Foreign policy and international conflict are in the news these days
as President Clinton wraps up his tours of south Asia, the Russians hold
their presidential elections and the New York Times and Washington Post
run stories about how the Iraqis may be purchasing SCUD missile
technology from the North Koreans via Sudan.

These “hotspots” draw the headlines, but there was a very
significant, if underreported, foreign policy gathering this past
weekend in California sponsored by and the Center for
Libertarian Studies to develop a populist movement against war and

Entitled “Beyond Left and Right: the New Face of the Antiwar
Movement,” the three day event drew speakers and participants from
across the political spectrum, including Reform Party presidential
candidate Pat Buchanan, Congressman Ron Paul, Libertarian Party
presidential candidate Harry Browne, journalist Alexander Cockburn,
conference convener Justin Raimondo of, Tom Fleming of the
Rockford Institute and Burton Blummert of the Center for Libertarian
studies — an impressive and multi-ideological group of historians,
activists and me.

My presentation, “Beyond Left and Right: How the Vietnam War Turned
the Antiwar Left into Pro-War Democrats,” was a chronicle of the left’s
capitulation on anti-imperialism and anti-interventionism to the
Democratic Party during the 1960s and 1970s. (For the full text of my
talk go to my website.) I underscored the
point that you cannot be antiwar without being an independent.

During and since the Vietnam War, the American left could not come to
terms with the fact that war and imperialism are the logical extensions
of the policies of political parties that cater to and are strategically
controlled by globalist financial interests and multinational
corporations. Capital must expand to survive, and when expansion
requires military intervention — either to protect its investment or to
stabilize an environment for future economic intervention — the two
parties oblige. The left — either naively or stupidly — believed it
could check the drive for U.S. globalist hegemony through a party that
thrives off of it. Ultimately, the left decided that supporting military
interventionism was the price it would pay for sufficient political
entrée to be able to influence domestic policy in progressive ways, a
choice that forfeits any claim to morality or progressivism. I urged the
conference to learn from the left’s errors and build off of the pivotal
connection between anti-interventionism and political independence.

Buchanan offered a series of critiques of current U.S. foreign policy
— our sanctions on Iraq, our troop presence in the Balkans and other
parts of Europe, our provocations of Islamic nations and movements that
breed anti-U.S. terrorism, and bipartisan support for the New World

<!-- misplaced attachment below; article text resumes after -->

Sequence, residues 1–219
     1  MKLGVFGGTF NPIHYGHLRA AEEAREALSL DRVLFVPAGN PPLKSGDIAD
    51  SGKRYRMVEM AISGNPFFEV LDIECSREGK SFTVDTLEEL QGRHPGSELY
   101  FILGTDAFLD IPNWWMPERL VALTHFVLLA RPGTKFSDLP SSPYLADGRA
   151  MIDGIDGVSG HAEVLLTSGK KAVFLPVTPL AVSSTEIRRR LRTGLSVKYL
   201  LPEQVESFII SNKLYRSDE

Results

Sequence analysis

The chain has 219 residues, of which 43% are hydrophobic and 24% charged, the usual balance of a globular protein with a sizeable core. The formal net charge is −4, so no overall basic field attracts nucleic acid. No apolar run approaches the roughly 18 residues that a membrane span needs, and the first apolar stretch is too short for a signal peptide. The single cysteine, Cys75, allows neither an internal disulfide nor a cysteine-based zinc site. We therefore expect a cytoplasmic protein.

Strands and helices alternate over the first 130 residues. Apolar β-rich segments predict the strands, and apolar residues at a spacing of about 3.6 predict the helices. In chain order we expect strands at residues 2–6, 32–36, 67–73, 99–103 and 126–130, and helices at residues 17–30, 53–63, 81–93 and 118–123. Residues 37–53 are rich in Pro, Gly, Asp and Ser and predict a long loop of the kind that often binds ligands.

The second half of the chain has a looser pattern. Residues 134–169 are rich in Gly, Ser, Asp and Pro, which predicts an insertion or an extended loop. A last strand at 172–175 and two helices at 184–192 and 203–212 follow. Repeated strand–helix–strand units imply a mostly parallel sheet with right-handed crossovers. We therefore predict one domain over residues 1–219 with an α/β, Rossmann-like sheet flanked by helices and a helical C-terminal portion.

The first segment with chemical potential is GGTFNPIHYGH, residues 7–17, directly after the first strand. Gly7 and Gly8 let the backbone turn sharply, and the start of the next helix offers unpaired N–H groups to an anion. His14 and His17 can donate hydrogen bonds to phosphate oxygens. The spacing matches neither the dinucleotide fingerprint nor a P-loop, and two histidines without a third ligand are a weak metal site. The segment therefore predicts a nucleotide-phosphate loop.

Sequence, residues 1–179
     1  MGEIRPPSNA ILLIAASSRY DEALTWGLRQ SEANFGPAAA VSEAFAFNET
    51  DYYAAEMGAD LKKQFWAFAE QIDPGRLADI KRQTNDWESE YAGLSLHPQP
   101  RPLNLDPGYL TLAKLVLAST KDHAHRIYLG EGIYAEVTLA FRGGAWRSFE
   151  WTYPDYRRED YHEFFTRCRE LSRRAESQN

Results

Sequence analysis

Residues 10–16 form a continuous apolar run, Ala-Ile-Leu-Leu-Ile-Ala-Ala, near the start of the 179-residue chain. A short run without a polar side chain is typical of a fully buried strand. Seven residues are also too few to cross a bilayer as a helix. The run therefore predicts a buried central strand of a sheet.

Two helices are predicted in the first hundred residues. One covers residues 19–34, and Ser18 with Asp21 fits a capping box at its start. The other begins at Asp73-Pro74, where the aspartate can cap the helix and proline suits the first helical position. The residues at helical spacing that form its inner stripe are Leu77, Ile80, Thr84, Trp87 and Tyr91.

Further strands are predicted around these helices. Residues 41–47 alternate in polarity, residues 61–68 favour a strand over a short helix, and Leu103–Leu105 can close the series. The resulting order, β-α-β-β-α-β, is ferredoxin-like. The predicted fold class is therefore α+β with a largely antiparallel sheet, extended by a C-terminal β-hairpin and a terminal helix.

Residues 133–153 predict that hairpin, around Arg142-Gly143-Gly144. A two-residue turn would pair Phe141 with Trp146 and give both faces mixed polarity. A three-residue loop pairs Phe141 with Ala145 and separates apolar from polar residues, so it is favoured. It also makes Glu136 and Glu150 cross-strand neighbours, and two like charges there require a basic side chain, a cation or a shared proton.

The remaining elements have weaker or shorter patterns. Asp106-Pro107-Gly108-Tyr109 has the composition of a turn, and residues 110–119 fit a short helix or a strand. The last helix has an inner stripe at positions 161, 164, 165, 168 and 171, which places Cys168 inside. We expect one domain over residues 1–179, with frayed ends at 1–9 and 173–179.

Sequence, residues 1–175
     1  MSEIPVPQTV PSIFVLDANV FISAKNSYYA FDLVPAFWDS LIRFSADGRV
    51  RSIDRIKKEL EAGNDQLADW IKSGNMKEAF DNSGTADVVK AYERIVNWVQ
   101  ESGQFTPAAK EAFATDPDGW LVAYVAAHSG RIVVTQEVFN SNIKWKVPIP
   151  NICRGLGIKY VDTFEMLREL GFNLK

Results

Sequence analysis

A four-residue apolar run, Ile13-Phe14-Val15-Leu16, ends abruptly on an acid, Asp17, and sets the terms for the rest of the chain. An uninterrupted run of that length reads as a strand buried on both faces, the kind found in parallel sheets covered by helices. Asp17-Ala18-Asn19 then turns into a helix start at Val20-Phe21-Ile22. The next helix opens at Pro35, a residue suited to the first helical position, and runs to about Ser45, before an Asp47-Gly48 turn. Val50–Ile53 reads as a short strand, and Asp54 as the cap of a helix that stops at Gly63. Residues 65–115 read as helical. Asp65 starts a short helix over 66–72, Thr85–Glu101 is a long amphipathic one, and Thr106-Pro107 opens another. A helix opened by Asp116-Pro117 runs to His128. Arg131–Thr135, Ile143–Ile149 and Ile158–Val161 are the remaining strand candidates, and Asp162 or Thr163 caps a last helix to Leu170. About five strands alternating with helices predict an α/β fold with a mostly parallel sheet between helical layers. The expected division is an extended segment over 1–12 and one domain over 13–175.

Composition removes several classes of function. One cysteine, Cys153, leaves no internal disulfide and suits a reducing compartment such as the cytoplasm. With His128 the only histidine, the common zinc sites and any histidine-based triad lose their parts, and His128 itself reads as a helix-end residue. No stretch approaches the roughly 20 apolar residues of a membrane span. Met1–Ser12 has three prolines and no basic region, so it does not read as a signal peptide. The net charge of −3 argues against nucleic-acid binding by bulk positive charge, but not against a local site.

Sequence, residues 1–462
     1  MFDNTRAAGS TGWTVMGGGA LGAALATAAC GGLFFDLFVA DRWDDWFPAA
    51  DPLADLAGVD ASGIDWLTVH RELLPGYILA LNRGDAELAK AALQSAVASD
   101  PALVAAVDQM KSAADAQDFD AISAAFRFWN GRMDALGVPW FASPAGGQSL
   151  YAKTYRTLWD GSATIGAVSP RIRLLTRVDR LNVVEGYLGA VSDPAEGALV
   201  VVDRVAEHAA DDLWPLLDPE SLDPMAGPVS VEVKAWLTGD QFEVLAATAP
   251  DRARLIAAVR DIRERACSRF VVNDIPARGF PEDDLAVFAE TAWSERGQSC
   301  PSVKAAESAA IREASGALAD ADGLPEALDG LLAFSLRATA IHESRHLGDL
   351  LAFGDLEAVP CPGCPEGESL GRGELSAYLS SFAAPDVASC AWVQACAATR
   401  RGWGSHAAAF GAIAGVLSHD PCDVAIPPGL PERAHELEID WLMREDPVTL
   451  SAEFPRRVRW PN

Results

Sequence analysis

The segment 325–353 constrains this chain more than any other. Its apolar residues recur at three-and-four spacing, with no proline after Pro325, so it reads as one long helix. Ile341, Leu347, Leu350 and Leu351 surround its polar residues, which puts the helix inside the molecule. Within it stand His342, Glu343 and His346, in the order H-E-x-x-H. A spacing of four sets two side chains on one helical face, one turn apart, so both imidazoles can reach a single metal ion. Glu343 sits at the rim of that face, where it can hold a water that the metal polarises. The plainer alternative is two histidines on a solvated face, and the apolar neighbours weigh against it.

Order. (You can access the text of Pat’s talk on He urged the
conference to consider the opportunity that exists:

    “We are entering a fertile and exciting time in our politics. Our
    ossified two-party system, that has managed to stifle serious foreign
    policy debate for a decade, is cracking up. Pressure is growing from
    dissidents within, and this year, there will be a mighty challenge from
    without. As Joe Namath said, I guarantee it.

    “Our Reform Party will be on the ballot in 50 states, and, if I have
    anything to say about it — and I expect to — it will become a
    non-interventionist party, a peace party, that will reach out to
    Americans of Right and Left who reject the Third Way imperialism being
    forced upon us by the elites of both Beltway parties.”

Libertarian Harry Browne explained how war was simply one more
government program. And Congressman Paul told the conference about his
plans to call for a congressional reconsideration of U.S. membership in
the World Trade Organization. The conference was one of the most
interesting and energized political gatherings I’ve been to for quite
awhile. It enabled people who don’t normally talk to each other to
converse about foreign policy, history, the left and the right, and the
importance of creating new independent institutions that involve
Americans in the political process. As Justin Raimondo said in his
commentary on the conference, “The conference was an attempt to bridge
the gap between left and right to bring the fight against war and
globalizing to a higher level — and to begin to organize the first real
opposition to the War Party since the 1960s.”

This left/right antiwar coalition is controversial, among other
places, on the left. I am constantly asked, for example, how I, as a
progressive, could be sympathetic to Buchanan’s framework of America

Here’s how. When I look at the Democratic and Republican push for
“free” trade, “liberal imperialism” and “global imperial hegemony” —
policies that might be called “America Only” — I can’t help but feel
that if the choices are America First vs. America Only, America First is
pretty preferable.

That Buchanan is identifiable as an antiwar candidate in the
presidential race puzzles many in the journalistic establishment. The
San Francisco Examiner, in its coverage of Buchanan’s talk at the conference asked — tongue in cheek — whether Buchanan will
be the George McGovern of the 2000 presidential campaign. He won’t be.
First, I don’t think Buchanan will carry Massachusetts. And second, the
McGovern candidacy in 1972 was the signal that the antiwar left was
capitulating to the pro-war Democratic Party. In contrast, the Buchanan
campaign is a tool for the antiwar left and the antiwar right to break
with both war parties and go independent.

Stay tuned for more coverage of the conference. Check out
their website for summaries of the proceedings. And once you’ve read my
speech, let me know your thoughts. I’d love to hear from you.

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